People are drowning in our disused quarries and lakes and this is why!.

people are drowning

It’s the height of summer and the temperatures are slightly higher than normal for the time of the year and people are looking for ways to cool down, most of us just keep out of the heat during the hottest part of the day and have our favorite ways to cool off.

We have all seen recently a spate of drownings and it really saddens me that people are losing their lives by swimming in places like disused quarries, lakes or rivers, in the urge to cool down and they probably think it won’t happen to them and sadly it can happen to anyone even the most experienced swimmer because ‘Cold Water Shock’ can kill and  so often does.

So what is cold water shock?

Cold water shock comes about because of contrasting air and water temperatures, you have a very hot day and you have an inviting pool of water and when you enter the cold water it will cause you to gasp uncontrollably and then panic sets in which triggers the ‘flight or fright response’ which  results in confusion and this puts extra strain on the heart which will further lower the skin temperature and peripheral circulation begins to shut down.

With all this happening to the body in a very short space of time the swimmer will be thrashing around in the water trying to swim and this will drive out any trapped air they have trapped in the clothing and will make floating very much harder and that’s why people are drowning. It is a natural reaction for people to panic, but if they know what to do in the water it all calms down again and a bad situation gets a little easier.

So what should you try and do!

I spent a large amount of my life in the forces and finding myself in freezing cold water happened quite a lot and it was drummed into us from the outset that if you panic your chances of survival drop significantly.

We were taught that you must give yourself around 90 seconds to catch your breath and the shock of the cold water passes and your breathing calms down a bit, and your chances of survival have just increased a little, so now you need to get on your back and stretch out your arms and legs and you will start to float, even with clothes on you will still be buoyant because you will have some trapped air in the clothing.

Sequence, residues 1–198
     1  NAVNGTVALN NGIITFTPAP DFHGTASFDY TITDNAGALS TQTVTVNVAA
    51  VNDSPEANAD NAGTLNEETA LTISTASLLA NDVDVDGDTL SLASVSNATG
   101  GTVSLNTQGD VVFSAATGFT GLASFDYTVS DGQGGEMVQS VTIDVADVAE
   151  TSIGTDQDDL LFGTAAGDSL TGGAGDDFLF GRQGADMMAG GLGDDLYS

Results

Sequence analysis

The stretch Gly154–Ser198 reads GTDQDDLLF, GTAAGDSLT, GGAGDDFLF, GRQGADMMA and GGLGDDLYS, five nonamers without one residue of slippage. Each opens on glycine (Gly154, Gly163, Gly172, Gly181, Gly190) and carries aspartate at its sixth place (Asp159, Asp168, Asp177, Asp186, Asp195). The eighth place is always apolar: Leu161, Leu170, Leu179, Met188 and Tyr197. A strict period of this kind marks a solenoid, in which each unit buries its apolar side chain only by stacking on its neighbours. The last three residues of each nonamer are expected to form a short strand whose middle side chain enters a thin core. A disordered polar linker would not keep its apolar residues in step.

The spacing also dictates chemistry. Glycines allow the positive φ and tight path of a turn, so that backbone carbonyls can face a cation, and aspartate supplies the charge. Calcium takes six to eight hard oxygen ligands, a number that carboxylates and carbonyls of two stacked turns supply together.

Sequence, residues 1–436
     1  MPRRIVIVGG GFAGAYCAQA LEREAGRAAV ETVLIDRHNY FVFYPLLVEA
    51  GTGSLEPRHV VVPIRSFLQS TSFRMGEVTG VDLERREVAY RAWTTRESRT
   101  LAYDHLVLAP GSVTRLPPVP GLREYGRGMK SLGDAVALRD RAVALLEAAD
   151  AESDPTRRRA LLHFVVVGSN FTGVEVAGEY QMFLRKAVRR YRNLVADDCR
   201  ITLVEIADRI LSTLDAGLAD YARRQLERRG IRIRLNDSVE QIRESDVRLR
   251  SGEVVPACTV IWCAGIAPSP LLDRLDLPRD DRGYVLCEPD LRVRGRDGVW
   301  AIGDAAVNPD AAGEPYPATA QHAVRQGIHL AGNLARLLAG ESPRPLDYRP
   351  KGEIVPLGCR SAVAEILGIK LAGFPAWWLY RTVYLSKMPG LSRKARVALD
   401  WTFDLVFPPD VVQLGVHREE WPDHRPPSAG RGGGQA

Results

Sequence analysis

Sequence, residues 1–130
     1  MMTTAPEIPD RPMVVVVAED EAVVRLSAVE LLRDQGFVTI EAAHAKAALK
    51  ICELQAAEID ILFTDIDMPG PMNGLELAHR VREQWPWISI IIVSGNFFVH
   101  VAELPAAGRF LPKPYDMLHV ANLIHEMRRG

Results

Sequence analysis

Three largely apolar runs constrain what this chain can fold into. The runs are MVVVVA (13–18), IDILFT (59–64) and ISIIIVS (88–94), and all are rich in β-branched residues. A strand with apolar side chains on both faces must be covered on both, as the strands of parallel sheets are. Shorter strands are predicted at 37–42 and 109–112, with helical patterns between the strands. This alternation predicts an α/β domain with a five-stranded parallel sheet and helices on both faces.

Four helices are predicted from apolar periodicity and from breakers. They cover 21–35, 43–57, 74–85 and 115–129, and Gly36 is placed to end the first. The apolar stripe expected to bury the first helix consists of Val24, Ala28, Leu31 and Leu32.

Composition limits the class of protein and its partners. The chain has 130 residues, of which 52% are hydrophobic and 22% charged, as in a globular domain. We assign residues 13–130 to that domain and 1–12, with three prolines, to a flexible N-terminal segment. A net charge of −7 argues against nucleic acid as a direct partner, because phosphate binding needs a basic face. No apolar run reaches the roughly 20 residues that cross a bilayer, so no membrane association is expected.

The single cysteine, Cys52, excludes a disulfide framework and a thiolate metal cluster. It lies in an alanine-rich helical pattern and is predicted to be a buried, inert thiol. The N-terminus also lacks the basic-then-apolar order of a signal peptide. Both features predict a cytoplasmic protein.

At this point, if you are able too, you can swim towards safety or wait for help to arrive from the emergency services and they can get you to safety.


Hopefully, if you have found yourself in freezing cold water you have a good idea of how to survive it but the golden rule is don’t panic and let the body settle down after the initial shock of the freezing cold water.

Key Points to survive.

  • Control your breathing it takes around 90 seconds for the body to settle.
  • Don’t thrash around in the water because air will escape from your clothing and will reduce that very important buoyancy to help you stay afloat.
  • Lay on your back and spread your arms and legs out this will help keep you afloat.
  • Float till your breathing is under control.
  • When safe to do so swim to safety or wait until the emergency services arrive to rescue you.

Warwickshire First Aid Training has provided this information for guidance only and does not substitute for medical advice. Warwickshire First Aid Training is not responsible or liable for any diagnosis made or actions taken on this information.

Its strongly advised that you attend an Emergency First Aid at Work or First Aid at Work course to get the skills and understanding what to do in a medical emergency.

Our first aid courses are regulated by Ofqual and accredited by QNUK.